Nissanka de Silva recalls his days as an irrigation officer in Migahajandura in the 1950s The TV news recently broadcast a meeting at Temple Trees chaired by the President that discussed the proposed development of a 1800 acre sports complex at Migahajandura. Thereafter, the Sunday Times reported cabinet approval of Rs. 15 billion for a [...]

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Life amidst caring village folk and abundant wildlife

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Nissanka de Silva recalls his days as an irrigation officer in Migahajandura in the 1950s

The TV news recently broadcast a meeting at Temple Trees chaired by the President that discussed the proposed development of a 1800 acre sports complex at Migahajandura. Thereafter, the Sunday Times reported cabinet approval of Rs. 15 billion for a sports complex at Hambantota. This report did not refer to Migahajandura.

I write from memories of 60 years ago, when in 1953, I was transferred to the Irrigation Department (ID) Engineer’s Office at Tissamaharama as a young Technical Assistant (TA). The development of the Malala Ara basin was my responsibility, in addition to other work.

Migahajandura today: Development has come its way. Pic by Tharuka Dissanaike

Migahajandura was a village of about 35 families, 20 miles from Hambantota. The Migahajandura wewa was across a right bank tributary joining Malala Ara about midway in its 40-mile journey from Hambegamuwa area to the Malala Kalupuwa (Lagoon) at Udamalala and into the southern Indian Ocean. There were three abandoned wewas across the main Malala Ara viz Mahagal wewa furthest north, Maharanawarna wewa midway and Badagiriya furthest south about 10 miles from Hambantota.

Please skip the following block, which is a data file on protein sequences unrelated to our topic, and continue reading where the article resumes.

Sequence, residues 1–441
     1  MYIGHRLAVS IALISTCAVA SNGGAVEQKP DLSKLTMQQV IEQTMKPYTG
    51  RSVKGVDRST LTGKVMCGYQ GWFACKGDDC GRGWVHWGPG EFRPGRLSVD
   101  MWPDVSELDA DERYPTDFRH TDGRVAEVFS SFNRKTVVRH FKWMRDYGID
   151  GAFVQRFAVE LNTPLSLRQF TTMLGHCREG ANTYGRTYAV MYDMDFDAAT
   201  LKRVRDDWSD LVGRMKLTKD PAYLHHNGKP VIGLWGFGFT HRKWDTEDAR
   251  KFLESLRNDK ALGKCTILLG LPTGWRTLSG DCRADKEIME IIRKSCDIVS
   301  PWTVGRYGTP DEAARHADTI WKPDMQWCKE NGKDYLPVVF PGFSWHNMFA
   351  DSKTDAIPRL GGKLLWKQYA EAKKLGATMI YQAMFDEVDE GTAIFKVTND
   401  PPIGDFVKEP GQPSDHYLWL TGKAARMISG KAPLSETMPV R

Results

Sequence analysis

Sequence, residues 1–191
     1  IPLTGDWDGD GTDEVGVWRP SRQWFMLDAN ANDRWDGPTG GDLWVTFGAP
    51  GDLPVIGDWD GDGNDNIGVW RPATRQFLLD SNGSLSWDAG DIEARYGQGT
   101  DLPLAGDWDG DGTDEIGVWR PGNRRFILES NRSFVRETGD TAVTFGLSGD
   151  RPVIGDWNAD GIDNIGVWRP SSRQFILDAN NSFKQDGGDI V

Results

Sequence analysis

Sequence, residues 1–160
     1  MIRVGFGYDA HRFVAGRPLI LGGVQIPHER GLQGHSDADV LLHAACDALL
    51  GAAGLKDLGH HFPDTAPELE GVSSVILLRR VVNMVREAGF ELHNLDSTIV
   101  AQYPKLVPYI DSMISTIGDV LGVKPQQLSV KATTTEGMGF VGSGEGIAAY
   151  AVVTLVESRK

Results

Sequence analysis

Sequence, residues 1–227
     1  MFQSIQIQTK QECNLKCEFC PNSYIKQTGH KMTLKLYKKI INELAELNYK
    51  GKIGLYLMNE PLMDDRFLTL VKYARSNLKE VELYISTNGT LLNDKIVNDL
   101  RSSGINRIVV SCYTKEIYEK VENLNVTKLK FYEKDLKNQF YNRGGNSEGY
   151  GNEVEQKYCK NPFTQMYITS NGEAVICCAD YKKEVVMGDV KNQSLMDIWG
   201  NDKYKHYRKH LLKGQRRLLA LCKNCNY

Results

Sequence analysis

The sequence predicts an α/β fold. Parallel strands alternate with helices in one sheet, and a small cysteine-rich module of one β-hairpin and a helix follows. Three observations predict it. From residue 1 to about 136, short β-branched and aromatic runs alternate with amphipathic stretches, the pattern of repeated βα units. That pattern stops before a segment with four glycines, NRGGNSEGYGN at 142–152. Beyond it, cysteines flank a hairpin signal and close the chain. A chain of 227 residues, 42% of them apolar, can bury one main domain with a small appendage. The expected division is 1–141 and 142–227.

Migahajandura wewa was a minor tank which was under the Government Agent, Hambantota. The Agrarian Services Law had not been enacted at the time. The ID was responsible for medium and major irrigation works. Accordingly, restoration of Mahagal wewa to asweddumise 500 acres was commenced in 1953 and construction work at Badagiriya to asweddumise, 1000 acres in 1955.

The road from Hambantota passed Badagiriya, (10 miles) Gannoruwa Village (12 miles), Migahajandura (20 miles) Pahalakumbuk wewa (22 miles) and ended at Ihalakumbuk wewa (25 miles). From there, a footpath led to Mahagal wewa a further four miles away.
Travelling to these villages was not easy. Access to Mahagal wewa from Tissamaharama was either through Hambantota or Tanamalwila and the little village of Ahukkangala. From Ahukkangala it was seven miles along a jungle track.

I based myself at Ihala kumbuk wewa village for the preliminary work at Mahagal wewa. The village boutique was owned by a man from Hambantota who kindly consented to give me a small room to stay in during my inspections. The Divisional Irrigation Engineer at Tangalle released a jeep to the IE for Tissa a few days every three months or so. I was allocated this jeep for one inspection of Mahagal wewa. In dry weather I used my car, a CN series Bug Fiat Station wagon or at other times a push bicycle.

On one occasion I had to carry my survey instruments and therefore travelled by car even though there had been some rain.
Leaving Tissa about 5.30 a.m., I passed Hambantota about 6.15 or so. From Hambantota to Gannoruwa village the road was gravelly. After that it was a dirt road. I drove through three or four mud holes and reached an ominous looking patch about three miles before Migahajandura. It was about 7.30 am. I decided to take a chance and drove into it only to be well and truly stuck with the differential grounded.